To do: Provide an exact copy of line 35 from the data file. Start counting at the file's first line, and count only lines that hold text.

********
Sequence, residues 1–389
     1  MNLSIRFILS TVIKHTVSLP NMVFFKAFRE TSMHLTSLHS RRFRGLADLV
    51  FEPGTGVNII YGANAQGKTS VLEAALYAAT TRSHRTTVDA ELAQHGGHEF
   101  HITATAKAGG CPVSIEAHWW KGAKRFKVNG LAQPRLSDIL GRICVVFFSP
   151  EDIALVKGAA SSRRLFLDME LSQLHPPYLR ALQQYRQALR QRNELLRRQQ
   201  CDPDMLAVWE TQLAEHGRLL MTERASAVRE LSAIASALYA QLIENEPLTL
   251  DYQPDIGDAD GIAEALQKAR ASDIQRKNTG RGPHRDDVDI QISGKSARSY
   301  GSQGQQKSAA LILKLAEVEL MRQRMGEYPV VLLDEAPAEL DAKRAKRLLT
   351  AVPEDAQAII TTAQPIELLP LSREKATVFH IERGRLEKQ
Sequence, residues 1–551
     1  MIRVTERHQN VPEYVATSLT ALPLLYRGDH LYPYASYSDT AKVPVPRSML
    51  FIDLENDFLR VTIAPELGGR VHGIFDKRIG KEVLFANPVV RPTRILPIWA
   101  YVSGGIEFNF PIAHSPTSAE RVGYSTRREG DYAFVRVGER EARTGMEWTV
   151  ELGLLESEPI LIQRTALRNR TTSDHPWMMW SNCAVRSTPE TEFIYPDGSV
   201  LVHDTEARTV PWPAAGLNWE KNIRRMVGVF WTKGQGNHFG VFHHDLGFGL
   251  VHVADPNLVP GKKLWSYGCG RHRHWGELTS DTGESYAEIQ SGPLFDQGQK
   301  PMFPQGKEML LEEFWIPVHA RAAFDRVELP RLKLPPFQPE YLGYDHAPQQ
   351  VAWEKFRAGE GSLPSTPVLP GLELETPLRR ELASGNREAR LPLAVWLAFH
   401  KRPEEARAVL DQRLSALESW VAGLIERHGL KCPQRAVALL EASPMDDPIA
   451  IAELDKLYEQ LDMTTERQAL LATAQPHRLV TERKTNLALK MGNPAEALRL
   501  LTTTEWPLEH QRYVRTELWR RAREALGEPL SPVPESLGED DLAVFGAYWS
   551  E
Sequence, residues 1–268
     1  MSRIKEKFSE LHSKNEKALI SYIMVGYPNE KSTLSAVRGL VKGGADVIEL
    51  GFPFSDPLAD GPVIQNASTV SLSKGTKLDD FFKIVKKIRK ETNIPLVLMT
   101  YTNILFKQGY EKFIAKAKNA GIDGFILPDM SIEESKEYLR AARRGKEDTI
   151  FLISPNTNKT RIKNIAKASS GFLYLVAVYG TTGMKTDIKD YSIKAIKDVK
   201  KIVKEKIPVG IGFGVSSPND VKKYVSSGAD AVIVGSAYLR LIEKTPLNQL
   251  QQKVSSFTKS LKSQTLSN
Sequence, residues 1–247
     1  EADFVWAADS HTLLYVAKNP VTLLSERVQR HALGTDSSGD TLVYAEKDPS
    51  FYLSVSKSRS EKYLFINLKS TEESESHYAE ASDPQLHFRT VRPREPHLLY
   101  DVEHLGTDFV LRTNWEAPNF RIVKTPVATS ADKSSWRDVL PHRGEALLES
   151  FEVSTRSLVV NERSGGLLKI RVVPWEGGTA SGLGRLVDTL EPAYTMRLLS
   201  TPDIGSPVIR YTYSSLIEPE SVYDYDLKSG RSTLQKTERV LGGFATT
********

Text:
   201  TPDIGSPVIR YTYSSLIEPE SVYDYDLKSG RSTLQKTERV LGGFATT